Jordan had decided to pursue basketball seriously by the time he was in junior high, and Markus—one of the best players in the state in his age group—would occasionally play three years ahead with his brother's team. At Perry High School, the two got to play on the same team for one year when Jordan was a senior and Markus was a freshman. It's an experience they both treasure and hope to replicate in the future.

"We were close before, but me and him are kind of inseparable now, and I think it all started with that one year," Markus said. They both insist they never got sick of each other, even though they were literally together from the car ride to school onward. "There's no other people I'd rather be with than my family," Jordan adds.

That team made a postseason run, losing in the semifinals to Corona Del Sol—Duke star Marvin Bagley III's eventual alma mater. That left Jordan with a moment of apprehension. It was his senior year, and having gone unrecruited, he wasn't sure what was next. Both he and Markus are listed at 5'11"—slightly undersized for D-I recruits. He knew Russ Pennell, now the head coach at Central Arkansas, from Pennell's tenure at Grand Canyon University—but at that point Pennell was still waiting to hear back about the head coaching job. He told Jordan, "Trust me," and once he was hired immediately added the middle Howard brother to the roster.

Markus, who switched to Findlay Prep (which counts Avery Bradley and Tristan Thompson among its alumni) to get to college sooner, wound up even further away in Milwaukee—but the family is more close knit than ever.

Whenever they're not at school, they're back doing the same training routine that's helped them defy expectations so far. "We work out with our older brother every day twice a day in the summer and then lift weights with my dad," Jordan said. "He's been so huge as far as developing me and Markus physically and making sure our bodies are right whenever we're home. My mom cooks all the meals and does all the laundry. It's just a complete family affair."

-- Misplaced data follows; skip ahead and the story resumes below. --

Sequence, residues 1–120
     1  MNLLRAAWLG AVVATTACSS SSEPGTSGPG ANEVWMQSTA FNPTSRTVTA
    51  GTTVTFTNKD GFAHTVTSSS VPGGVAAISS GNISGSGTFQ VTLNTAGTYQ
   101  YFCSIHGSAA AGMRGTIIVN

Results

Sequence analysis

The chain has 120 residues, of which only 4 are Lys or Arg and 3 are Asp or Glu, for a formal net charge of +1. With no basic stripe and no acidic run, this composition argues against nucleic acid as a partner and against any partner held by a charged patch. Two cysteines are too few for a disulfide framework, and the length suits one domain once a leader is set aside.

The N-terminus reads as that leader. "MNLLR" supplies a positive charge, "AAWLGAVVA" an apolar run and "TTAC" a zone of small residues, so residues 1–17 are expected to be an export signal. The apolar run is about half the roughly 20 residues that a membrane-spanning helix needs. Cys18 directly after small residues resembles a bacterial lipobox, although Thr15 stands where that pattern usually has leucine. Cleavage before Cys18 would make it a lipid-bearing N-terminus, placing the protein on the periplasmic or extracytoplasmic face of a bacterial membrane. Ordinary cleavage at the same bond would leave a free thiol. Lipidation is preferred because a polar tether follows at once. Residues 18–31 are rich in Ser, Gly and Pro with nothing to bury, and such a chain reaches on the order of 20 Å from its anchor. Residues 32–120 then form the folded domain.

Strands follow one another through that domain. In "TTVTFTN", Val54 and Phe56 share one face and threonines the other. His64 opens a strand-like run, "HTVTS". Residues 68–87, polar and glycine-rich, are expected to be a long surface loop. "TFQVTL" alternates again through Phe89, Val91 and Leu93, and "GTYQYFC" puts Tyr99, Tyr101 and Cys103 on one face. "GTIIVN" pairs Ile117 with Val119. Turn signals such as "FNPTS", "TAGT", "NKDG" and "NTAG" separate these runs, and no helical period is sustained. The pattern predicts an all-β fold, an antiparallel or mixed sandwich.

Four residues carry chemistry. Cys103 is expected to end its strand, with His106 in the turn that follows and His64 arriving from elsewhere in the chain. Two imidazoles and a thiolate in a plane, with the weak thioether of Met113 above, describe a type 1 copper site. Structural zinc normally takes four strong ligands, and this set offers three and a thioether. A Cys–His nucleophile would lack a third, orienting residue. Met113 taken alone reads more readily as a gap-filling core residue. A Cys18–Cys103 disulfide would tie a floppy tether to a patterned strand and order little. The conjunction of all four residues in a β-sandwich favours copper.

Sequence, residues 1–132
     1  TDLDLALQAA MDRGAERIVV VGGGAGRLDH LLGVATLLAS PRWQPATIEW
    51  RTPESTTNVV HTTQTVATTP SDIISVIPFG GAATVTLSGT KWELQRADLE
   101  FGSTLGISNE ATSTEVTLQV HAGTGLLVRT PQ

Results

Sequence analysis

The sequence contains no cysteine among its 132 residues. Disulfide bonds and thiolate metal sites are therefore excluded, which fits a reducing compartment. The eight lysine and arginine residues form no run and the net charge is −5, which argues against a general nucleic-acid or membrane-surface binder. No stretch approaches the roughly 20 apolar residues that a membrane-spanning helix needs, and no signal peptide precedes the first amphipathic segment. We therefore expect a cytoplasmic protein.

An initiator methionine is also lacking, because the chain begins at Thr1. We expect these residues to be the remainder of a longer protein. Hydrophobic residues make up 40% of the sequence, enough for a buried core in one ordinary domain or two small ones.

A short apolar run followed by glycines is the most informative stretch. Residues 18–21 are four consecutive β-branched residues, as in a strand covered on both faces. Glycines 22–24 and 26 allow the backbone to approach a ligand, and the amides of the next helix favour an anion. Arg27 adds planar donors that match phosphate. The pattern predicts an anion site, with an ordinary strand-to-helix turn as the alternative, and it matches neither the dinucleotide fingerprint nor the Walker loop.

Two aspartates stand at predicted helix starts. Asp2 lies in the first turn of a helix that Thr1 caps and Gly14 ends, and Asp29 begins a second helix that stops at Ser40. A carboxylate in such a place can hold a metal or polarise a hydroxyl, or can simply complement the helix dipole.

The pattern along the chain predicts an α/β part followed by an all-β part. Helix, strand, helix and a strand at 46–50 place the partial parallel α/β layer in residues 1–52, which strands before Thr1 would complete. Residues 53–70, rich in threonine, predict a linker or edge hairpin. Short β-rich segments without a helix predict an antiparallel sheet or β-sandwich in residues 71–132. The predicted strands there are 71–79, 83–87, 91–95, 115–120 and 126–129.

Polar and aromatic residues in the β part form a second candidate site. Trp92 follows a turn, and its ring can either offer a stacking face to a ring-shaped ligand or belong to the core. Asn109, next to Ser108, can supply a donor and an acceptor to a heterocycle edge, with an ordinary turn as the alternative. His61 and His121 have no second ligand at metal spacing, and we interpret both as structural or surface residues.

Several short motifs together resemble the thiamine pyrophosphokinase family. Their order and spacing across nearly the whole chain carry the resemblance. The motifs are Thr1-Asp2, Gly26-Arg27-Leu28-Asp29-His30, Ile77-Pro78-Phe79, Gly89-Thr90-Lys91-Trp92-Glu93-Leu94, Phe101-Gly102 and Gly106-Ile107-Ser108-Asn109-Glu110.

If there's a family secret to the training that's brought them Splash Brothers-esque stat lines, it's a simple one: consistency. "It's just about getting a lot of reps up, sharpening the tools that we already have and staying consistent," Markus said. Added Jordan: "We challenge each other and try to make the workouts as hard as possible—harder than the games. Being really consistent with our work ethic, every single day."

For fun, they stick to simple pleasures: NBA 2K and spades, a family favorite played with a real, old-school deck of cards. "My dad taught it to us," Markus said. "Any time we're all together, we play: me and my dad against Jordan and Desmond. It's a lot of fun. Me and my dad kill Desmond and Jordan."

Both brothers have made all-academic teams, and while they hope to go pro, both are interested in working in sports media. Jordan, who majored in digital filmmaking and marketing, wants to make 30 for 30-style documentaries. He's done some projects already, documenting a retreat this summer featuring his sports-agent uncle's clients LeGarrette Blount and Odell Beckham Jr. Markus, who's majoring in communications studies with a minor in digital media, wants to be in front of the camera, perhaps as Stephen A. Smith's next debate partner or filling in for Michael Wilbon.

For now though, their focus is still on basketball. Namely, carrying their teams into March by continuing to average more than 20 points a game (and for Markus, maintaining his remarkable 100 percent free-throw mark). All the family ties in the world can't put a damper on the competitiveness that the brothers both hope will bring them to the NBA.

"I gotta say I'd win," says Jordan of a hypothetical one-on-one match up with Markus. "I can't say my little brother's gonna beat me, but if anyone were to, I couldn't be mad if it was him."